All-New 2015 Ford Edge Showcases Technology, Design and Craftsmanship

One thing about this.

It isn’t real.

There is no 2015 Ford Edge in the film.

There is no road. No buildings.

Jeff Nowak is chief designer at Ford’s Studio 2000X.

There they produce hyperrealistic digital images.

As Nowak explains, about half of the people in the studio are designers. The other half are tech experts.

Through the combination of the two, they are able to help bring designs that are being created in the studio into highly accurate images.

It helps development. It helps executives better understand what is being designed.

Nowak talks with John Manoogian of the College of Creative Studies (Nowak, incidentally, is a CCS graduate), Jeff Sabatini of Car and Driver, and me on this installment of “Autoline After Hours.”

Does things like Studio 2000X portend the end of clay modeling?

Watch and see.

In addition to which, Manoogian, Sabatini and I discuss a variety of auto-related developments, from the imminent Cadillac departure to New York to the viability of Lincoln.

You can watch it here:

“America’s Supercar”

By: Gary S. Vasilash 2. October 2014

While we’ll be taking a more comprehensive look at this powertrain in the November print version of Automotive Design & Production, it is interesting to note that yesterday it was announced that the first-ever supercharged Corvette Z06 engine—SAE certified at 650 hp and 650 lb-ft of torque—propelled the car to the fastest speed ever for a production car run at GM’s Milford Road Course in Michigan.

2015 "LT4" 6.2L V-8 AFM VVT DI SC (LT4) for Chevrolet Corvette Z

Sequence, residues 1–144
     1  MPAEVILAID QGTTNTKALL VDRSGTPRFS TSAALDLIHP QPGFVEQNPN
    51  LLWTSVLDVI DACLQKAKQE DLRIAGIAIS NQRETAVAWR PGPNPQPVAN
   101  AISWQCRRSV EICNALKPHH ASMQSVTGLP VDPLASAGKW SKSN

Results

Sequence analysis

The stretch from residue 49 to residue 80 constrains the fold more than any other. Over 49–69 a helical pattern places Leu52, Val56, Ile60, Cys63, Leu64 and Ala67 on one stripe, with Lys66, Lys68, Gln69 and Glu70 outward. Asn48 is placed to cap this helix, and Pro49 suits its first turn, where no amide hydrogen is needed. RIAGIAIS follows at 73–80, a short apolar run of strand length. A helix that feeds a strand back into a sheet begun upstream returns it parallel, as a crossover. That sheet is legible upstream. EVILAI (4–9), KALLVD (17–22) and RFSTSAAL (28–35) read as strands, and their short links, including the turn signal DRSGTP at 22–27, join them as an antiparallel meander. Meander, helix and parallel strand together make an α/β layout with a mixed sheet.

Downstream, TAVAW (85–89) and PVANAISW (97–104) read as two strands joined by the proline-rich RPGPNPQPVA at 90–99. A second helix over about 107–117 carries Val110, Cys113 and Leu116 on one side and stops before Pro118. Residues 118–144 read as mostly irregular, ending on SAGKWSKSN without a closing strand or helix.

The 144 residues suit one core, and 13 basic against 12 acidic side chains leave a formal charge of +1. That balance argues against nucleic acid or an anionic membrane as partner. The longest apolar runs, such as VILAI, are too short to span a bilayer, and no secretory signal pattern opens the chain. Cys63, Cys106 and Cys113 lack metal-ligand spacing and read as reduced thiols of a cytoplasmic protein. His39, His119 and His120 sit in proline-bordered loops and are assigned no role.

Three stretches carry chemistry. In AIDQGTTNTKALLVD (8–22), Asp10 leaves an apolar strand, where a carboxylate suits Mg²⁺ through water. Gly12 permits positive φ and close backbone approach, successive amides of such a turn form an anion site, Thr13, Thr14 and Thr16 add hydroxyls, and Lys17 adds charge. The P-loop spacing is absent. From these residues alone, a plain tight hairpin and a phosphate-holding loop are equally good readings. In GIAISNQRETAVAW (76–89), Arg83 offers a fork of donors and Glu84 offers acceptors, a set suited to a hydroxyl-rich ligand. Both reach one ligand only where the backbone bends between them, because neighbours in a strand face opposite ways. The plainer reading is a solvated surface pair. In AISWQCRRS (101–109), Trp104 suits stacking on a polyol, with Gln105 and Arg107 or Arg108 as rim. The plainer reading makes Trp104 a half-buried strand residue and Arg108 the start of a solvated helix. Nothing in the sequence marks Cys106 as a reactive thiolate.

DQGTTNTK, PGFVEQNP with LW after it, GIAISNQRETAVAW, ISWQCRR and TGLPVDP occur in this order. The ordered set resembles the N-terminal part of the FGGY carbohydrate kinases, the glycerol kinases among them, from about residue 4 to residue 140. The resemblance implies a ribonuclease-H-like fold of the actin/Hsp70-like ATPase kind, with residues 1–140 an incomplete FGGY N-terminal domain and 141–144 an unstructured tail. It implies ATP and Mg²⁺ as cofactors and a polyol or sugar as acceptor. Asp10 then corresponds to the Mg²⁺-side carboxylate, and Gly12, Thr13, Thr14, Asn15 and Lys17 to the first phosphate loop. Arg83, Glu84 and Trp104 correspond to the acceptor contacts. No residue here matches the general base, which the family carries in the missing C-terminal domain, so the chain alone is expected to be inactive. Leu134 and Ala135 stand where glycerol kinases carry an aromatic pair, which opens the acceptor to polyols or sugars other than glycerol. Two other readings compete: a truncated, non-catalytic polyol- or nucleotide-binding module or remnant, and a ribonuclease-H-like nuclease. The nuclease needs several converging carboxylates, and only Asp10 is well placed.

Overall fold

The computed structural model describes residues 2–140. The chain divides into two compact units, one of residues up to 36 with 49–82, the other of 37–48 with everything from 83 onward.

LT4 engine

It runs a quarter mile in 10.95 seconds.

It goes from 0 to 60 mph in 2.95 seconds.

And it is interesting to note that these times are for a Corvette Z06 equipped with a new eight-speed automatic.

Interesting because with the seven-speed manual, the times are 11.2 for the quarter mile and 0 to 60 in 3.2.

Certainly more than respectable times, but it seems as though automatics—with paddle shifters—are now surpassing the manual.

2015 Chevrolet Corvette Z06

The 2015 Z06 will go on sale early next year starting at $78,995, which is certainly a low number compared to other cars with similar numbers.

As Mark Reuss, GM’s Global Product Development executive vp, put is: “The Corvette has long been known as America’s sports car. With the capability of the new Z06 rivaling the best performance cars in the world, we will also be America’s Supercar.”

2015 Lincoln MKC AWD

By: Gary S. Vasilash 1. October 2014

There are a couple ways to think about luxury vehicles.

One is what the luxury brand signifies. What it stands for in the minds of consumers. What it means. The status it provides to the person who drives one.

The other is what it is. Its physical attributes. What it provides. How it is designed. Engineered. Built. What you are actually getting for your money.

2015 Lincoln MKC

There are vehicles that have a badge that say “luxury” to the world. The vehicle in question, however, may be really not all that luxurious, or at least there are other vehicles that offer equal to or better than amenities and execution yet they come at a non-luxury price.

There are vehicles that have the badge yet the badge doesn’t have the resonance, the signification. Yet the vehicles are well built. Well executed. Full of the expected—or possibly even unexpected—features for the category.

Lincoln is in a zone that sort of splits the middle.